A landmark of humanist filmmaking, Bicycle Thieves was a key work in the 1940s film movement known as Italian neo-realism. Like the wartime trilogy that Roberto Rossellini began with Rome: Open City (1945), it heralded a new kind of cinematic naturalism, employing non-professionals as actors and taking the camera out onto the streets to faithfully record the social realities of a Europe struggling to get back on its feet after WWII.
Adapted from a novel by Luigi Bartolini, the quiet tragedy of a father’s desperate hunt for a stolen bicycle that he depends on for his work has a fable-like simplicity. For all its vivid documentation of a downtrodden Rome, it is as a universal tale of human striving that De Sica’s film has proved influential.
“Bicycle Thieves not only embodies both aesthetically and politically the most important features of the Italian neorealist movement but also, with De Sica’s use of non-professional actors, social engagement and firm roots in the fabric of society, paved the way for hybridity in film and therefore the so-called ‘cinema of the real’.” Nico Marzano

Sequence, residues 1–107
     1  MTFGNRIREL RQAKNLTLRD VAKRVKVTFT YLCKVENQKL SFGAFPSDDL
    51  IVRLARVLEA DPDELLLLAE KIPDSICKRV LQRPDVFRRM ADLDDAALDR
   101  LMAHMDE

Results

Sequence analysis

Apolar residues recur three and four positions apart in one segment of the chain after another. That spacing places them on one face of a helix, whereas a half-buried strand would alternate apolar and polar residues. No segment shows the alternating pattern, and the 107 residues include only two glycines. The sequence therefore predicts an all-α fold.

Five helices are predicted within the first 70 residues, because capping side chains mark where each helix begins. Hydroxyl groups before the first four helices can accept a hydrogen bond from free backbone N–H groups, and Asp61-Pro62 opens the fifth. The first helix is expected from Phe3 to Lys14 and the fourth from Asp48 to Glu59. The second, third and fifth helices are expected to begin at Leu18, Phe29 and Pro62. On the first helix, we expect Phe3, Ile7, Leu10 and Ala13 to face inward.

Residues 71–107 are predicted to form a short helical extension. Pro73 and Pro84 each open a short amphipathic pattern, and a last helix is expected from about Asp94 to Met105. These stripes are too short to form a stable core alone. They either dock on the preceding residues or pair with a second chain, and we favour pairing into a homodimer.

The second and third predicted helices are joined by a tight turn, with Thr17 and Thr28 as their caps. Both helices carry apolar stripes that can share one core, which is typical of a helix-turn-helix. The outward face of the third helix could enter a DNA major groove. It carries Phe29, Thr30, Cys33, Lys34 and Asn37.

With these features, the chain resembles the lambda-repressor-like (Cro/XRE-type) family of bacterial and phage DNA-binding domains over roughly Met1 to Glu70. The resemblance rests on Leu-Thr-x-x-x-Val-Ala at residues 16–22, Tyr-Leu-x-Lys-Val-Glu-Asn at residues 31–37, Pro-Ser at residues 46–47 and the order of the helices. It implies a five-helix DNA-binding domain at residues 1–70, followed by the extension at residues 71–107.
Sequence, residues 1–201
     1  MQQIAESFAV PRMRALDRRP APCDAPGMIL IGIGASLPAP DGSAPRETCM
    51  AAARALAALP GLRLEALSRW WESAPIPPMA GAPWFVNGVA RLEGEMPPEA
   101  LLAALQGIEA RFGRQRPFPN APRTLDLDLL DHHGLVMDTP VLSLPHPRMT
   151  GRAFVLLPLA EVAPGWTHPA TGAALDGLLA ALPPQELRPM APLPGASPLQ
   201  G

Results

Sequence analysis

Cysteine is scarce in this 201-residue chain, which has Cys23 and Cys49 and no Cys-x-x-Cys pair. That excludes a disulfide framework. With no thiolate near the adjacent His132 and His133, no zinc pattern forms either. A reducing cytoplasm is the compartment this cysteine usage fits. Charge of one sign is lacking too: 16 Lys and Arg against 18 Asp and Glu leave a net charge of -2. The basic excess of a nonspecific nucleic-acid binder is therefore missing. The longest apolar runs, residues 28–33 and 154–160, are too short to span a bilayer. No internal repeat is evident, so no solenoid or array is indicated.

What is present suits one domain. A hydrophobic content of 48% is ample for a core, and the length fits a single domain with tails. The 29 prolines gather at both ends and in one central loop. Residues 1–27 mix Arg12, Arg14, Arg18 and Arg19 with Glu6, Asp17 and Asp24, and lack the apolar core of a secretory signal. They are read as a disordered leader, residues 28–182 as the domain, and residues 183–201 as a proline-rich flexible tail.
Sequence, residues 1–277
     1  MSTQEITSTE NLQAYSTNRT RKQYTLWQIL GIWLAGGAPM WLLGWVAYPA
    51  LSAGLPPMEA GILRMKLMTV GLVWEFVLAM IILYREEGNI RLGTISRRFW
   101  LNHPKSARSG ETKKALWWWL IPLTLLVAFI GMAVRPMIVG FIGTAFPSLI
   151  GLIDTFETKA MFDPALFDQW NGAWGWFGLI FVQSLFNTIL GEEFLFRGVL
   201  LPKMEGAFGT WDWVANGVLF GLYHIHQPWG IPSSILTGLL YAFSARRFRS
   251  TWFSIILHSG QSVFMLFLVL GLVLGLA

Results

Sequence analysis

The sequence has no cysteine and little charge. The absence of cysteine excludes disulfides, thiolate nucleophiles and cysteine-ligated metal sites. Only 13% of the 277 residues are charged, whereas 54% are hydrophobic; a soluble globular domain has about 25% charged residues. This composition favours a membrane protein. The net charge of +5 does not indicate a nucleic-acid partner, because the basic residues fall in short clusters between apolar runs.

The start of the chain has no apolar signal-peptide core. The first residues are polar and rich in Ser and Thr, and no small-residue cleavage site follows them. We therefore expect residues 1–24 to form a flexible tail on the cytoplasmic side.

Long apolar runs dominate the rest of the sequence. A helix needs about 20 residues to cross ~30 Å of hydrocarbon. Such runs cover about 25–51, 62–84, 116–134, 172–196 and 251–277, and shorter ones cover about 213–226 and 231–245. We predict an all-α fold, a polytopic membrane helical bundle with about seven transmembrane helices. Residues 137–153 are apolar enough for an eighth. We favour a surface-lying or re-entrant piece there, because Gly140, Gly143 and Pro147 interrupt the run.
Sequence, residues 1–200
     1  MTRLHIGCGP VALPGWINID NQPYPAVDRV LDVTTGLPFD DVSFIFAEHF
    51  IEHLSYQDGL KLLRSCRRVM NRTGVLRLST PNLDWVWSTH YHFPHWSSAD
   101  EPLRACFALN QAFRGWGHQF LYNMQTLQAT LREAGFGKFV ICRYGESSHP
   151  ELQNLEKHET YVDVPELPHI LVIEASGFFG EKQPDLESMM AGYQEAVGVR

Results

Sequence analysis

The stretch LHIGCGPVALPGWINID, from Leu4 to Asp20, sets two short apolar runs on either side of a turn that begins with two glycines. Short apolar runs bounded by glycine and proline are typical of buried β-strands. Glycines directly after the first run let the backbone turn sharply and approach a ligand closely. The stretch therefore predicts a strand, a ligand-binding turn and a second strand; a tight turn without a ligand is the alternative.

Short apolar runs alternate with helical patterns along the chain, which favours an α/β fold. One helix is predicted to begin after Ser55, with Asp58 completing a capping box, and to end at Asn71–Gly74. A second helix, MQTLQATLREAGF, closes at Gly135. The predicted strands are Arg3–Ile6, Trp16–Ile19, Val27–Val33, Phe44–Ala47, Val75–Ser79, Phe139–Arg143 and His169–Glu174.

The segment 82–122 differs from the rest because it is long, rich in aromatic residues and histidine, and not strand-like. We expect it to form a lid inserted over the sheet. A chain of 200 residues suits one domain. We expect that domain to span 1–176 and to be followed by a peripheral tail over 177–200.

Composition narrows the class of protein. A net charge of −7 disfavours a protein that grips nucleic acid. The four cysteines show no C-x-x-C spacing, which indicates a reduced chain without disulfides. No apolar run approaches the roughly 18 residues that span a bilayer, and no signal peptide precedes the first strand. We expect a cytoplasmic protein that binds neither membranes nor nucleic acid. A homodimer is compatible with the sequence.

“This painfully beautiful chronicle of life in post-World War II Rome salvages views of rundown streets, poverty and injustice with such precision and simplicity that the emotional punch of the finale is unparalleled.” Kaya Genç
“The gold standard for all human films about inequality.” Andrei Liimets